Trumpublican conservatives love to compare America's 45th president to their revered Ronald Reagan. Both were populist. Both were scorned by the media. And both, of course, delivered bigly cut taxes.

But Reagan's Republican Party, built on enthusiasm toward markets and skepticism toward government, would never have embraced big government the way President Trump's party has.

Consider, for instance, the Trump administration's terrible idea about replacing food stamps with mail-delivered food boxes. Under President Trump's new budget proposal, some low-income households would receive packages with items such as shelf-stable milk, pasta, peanut butter, and canned fruits and vegetables — all purchased, packaged, and distributed by Uncle Sam. It's almost Soviet in its conceit.

It's also an almost perfect example of what Reagan Republicans used to deride as "big government." Instead of giving low-income Americans a debit card to spend on groceries of their choice — a relatively simple policy solution that seems to work pretty well — Team Trump would have government bureaucrats assemble and run a food distribution system across a continent-sized nation for more than 30 million people. It is exactly this sort of ill-conceived, poorly thought-out scheme that led Reagan to famously say, "The nine most terrifying words in the English language are 'I'm from the government, and I'm here to help.'"

The GOP used to know and appreciate that the government is good at some things, such as cutting Social Security checks, and bad at so many others. But somewhere, somehow, the party lost its way.

At the core of traditional center-right economic thinking is the idea that the world is a pretty complicated place, and no all-knowing bureaucrat or massive bureaucracy has enough information to efficiently distribute society's resources. In accomplishing that goal, decentralized market prices will always beat centralized government planning.

This idea that policymakers should show humility about what they can accomplish is critical to the philosophy of Friedrich Hayek. Indeed, Republicans were so freaked out about creeping socialism during the Obama presidency that they turned Hayek's 1944 warning against central planning, The Road to Serfdom, into an unlikely bestseller. And what better ideological champion for the burgeoning Tea Party movement than Hayek, the gloomy Austrian economist known for his attacks on interventionist John Maynard Keynes? Hayek was also a major influence on Reagan.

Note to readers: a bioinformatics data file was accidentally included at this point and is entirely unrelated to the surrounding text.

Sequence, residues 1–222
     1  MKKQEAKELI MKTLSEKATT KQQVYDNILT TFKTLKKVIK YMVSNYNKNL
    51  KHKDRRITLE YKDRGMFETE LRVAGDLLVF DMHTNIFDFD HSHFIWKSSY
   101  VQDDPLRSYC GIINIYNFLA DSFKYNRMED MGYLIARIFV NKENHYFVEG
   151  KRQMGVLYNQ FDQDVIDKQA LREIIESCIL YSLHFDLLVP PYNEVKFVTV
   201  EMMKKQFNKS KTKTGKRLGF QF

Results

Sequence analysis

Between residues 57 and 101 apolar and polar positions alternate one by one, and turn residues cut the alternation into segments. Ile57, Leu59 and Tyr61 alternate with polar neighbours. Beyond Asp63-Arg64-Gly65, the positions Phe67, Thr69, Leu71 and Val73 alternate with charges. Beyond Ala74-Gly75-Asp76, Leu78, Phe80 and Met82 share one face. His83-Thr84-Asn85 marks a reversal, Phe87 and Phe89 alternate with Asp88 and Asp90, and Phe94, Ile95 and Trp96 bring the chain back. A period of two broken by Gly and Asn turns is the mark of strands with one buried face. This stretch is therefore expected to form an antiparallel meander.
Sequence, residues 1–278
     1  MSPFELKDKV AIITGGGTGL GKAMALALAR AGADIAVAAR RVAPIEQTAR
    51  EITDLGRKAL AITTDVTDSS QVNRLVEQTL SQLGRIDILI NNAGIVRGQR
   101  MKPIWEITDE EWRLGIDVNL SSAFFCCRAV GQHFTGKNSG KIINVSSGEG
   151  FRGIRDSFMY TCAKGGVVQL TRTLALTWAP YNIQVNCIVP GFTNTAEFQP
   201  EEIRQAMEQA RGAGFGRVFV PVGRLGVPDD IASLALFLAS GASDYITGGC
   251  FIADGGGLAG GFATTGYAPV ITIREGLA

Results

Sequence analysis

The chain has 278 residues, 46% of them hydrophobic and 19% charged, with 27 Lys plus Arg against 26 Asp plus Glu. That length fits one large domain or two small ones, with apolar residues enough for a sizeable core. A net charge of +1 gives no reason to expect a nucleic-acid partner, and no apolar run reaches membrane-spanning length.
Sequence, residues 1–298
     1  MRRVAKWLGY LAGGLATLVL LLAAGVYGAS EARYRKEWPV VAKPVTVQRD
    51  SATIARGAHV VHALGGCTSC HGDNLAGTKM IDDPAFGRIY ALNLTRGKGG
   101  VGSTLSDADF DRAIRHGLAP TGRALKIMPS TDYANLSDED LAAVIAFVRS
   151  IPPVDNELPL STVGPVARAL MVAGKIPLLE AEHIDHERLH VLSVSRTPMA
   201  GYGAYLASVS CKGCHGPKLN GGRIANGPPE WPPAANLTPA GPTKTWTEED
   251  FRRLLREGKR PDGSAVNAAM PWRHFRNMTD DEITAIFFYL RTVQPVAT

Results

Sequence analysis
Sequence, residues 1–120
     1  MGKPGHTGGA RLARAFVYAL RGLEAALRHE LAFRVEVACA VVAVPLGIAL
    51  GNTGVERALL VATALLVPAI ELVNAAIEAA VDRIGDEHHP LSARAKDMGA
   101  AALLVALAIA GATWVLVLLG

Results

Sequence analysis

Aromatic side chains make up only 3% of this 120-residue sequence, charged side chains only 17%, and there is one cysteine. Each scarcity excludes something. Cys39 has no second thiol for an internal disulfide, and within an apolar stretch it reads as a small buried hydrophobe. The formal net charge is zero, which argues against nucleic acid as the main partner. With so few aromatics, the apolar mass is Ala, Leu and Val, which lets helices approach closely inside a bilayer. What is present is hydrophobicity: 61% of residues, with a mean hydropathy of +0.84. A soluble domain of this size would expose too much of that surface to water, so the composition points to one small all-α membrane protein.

But this is Trump's GOP. No one really objects when the Republican vice president says, "The free market has been sorting it out and America's been losing," as Mike Pence did right after the 2016 election. So apparently it's time for big government to step in, whether by nudging companies to keep factories in the U.S., trying to reorder the global trading system, or creating another middle-class entitlement in the form of paid leave. Some big government GOPers are also itching to turn America's tech titans into heavily regulated utilities.

Then there's Trump's decision to hand-wave away a huge increase in federal debt and deficits. Before the Great Recession, the debt-to-GDP ratio was 35 percent. But the Trump tax cuts and increased spending in the recent budget deal could push debt to 109 percent of GDP in 2027, "higher than the previous record of 106 percent of GDP set just after World War II," notes the Committee for a Responsible Federal Budget.

But if the Trump GOP has now become the other party of big government, it is that only for some. For seniors, an important GOP constituency, their "earned benefits" through Medicare and Social Security are safe for now. They get the full Keynes. But for others, such as those whose key programs are income supports or Medicaid and might lean Democratic, it's back to Hayek for them. Big government for me, but not for thee.

Another big government party is not what America needs. Instead, we need a party of limited government that has thoughtfully considered what is the appropriate role of government and what should be left to the private sector. But there is little sign Republicans are ready to do this, or even think it's an important question to consider.